cinnamon buns

It finally feels like fall in the District! It’s cold and cozy, sweater and hot apple cider weather. It’s my favorite kind of weather, because it feels like home, the sort of crisp air that usually means leaves are changing in New England and we’re getting close to the season of snow and pond skating.

It’s also the kind of weather that calls for warm, delicious comfort food- cheesy pasta, hearty soups and piping hot baked goods.

I’d never attempted to make cinnamon buns before, and it ended up being more of a process than I expected. Not that it was hard – this recipe is surprisingly easy – but it’s just a long undertaking.

Lots of rising and rolling and waiting around. I will say that the dough hook on my KitchenAid did all of the kneading for me, and what a lifesaver that was.

I ran into some struggles rolling the dough- it didn’t seem to want to stick together at the end, and my seam was a little uneven.

I gave myself the “first time ever making this” mulligan and accepted that the final product wouldn’t look as perfect as professional bakeries. And I may have run a tiny bit of water between the seam so the dough would stick- I think I added too much flour during kneading, making it less sticky than usual.

I also didn’t have the exact pan called for in the original, so I crammed my rolls into cake pans. The key to baking these is to push them together in the pan so there’s barely any room (the below picture is an unfinished pan). They’ll bake together, but not so close that you can’t pull them apart.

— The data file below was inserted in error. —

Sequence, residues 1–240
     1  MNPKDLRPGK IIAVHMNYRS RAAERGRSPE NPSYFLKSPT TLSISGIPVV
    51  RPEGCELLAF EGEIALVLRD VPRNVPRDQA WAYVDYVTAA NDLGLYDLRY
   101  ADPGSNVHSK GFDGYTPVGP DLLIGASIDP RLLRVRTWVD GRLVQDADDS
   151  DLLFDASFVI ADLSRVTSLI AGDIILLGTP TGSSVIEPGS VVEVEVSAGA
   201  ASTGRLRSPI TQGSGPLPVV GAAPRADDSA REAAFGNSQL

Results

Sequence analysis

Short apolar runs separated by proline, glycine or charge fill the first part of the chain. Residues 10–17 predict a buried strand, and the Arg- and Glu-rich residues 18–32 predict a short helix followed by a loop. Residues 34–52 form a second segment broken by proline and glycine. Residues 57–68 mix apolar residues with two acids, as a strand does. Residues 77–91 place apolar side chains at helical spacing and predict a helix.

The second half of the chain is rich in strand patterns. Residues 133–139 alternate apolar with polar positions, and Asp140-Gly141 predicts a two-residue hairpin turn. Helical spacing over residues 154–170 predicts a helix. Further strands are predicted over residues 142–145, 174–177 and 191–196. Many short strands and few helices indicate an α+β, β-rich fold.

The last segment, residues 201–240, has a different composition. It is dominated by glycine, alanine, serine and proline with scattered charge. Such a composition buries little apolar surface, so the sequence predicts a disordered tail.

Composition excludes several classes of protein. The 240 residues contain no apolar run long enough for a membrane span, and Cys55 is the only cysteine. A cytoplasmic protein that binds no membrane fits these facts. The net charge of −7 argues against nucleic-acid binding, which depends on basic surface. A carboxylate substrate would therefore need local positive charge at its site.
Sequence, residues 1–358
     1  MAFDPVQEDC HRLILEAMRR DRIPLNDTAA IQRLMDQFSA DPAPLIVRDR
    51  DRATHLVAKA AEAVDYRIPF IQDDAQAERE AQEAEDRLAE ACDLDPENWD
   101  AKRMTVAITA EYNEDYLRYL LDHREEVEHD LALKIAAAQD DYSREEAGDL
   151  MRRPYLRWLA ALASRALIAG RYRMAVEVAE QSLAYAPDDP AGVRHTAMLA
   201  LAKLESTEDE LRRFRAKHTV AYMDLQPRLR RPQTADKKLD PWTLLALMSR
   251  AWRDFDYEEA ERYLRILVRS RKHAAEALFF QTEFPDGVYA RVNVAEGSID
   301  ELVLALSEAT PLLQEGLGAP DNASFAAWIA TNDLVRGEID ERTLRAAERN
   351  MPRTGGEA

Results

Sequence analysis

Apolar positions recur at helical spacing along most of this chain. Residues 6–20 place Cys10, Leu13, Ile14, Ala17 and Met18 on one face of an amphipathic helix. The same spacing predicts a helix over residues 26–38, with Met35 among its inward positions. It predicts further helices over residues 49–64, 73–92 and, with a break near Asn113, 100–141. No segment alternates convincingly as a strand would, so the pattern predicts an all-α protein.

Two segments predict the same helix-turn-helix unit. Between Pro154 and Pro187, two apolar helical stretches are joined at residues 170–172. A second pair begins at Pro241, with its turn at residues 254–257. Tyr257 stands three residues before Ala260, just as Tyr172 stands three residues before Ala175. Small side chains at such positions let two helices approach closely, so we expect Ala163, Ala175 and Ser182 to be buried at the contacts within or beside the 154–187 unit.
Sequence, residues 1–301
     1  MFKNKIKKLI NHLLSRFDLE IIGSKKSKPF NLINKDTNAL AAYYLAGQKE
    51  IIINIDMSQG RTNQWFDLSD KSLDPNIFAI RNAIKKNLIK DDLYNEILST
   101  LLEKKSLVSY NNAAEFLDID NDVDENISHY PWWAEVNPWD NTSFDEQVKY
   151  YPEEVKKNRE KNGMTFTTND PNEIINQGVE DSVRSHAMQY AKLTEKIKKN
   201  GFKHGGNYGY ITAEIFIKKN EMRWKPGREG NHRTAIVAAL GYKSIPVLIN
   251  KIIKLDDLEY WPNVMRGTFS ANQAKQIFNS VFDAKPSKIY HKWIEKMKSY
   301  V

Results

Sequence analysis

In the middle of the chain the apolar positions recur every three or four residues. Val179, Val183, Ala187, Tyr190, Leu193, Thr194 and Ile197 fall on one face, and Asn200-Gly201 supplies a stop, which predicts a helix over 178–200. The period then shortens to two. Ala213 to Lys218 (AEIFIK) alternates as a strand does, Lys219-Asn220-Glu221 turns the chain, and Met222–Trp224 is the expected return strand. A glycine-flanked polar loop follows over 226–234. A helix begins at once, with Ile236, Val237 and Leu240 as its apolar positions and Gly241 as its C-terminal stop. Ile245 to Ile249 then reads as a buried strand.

And though eating these – warm, gooey, delicious – is the best part, a close second is how good your apartment will smell during the baking process.

It smells like winter, in the best way possible.

Lastly- don’t skimp on the glaze! I’m not huge on cream cheese frostings, but it makes all of the difference here.

And though these buns will keep for a few days, make sure to heat them gently before eating each time, otherwise they’ll harden and not be as tasty.

In my opinion, straight outta the oven is the way to go.

the hunt for the perfect blueberry muffin

I’ve always really loved fruit, and cooking with fruit. In fact, my first venture into the kitchen by myself – aka, one that didn’t involve licking the batter spoon of whatever my mother or father was making (though we have plenty of pictures of that happening) – was something I made up called “Apple Delight.”

It basically involved cutting up an apple (or asking someone to wield the knife for me), loading a diabetes-inducing amount of cinnamon and sugar on top, and putting it in the microwave for a minute. Sort of a poor man’s substitute apple pie filling. I, of course, thought I was a culinary genius.

My family suffered through that for a long time. Thanks, guys- hopefully I’ve paid some of it back with better baked goods more recently.

My point is that baking with fruit has always been one of my favorite adventures in the kitchen. I especially love summer berries- there’s something about biting into a freshly baked whatever with a juicy, fresh summer berry inside.

More recently, I’ve been on the hunt for the perfect blueberry muffin recipe. I went through a phase of not eating breakfast, and now I try to get at least a little something to start the day, even if it’s just a yogurt.

But because I’m a huge fan of bready breakfast goodness, muffins are up there on my list. And blueberry muffins are at the forefront. So when I stumbled across this recipe touting the “perfect blueberry muffins,” I had to try.

But they weren’t too perfect, in my opinion. Though my friends loved them, I thought they were a little too dense, and lacking a critical crumble on top. So, anyone got a good muffin recipe?

But side note, how amazing are the Canada-themed plates from CB2 (which is literally my favorite homegoods store on Earth)?! Mounties! HOCKEY PLATE! I’m too obsessed.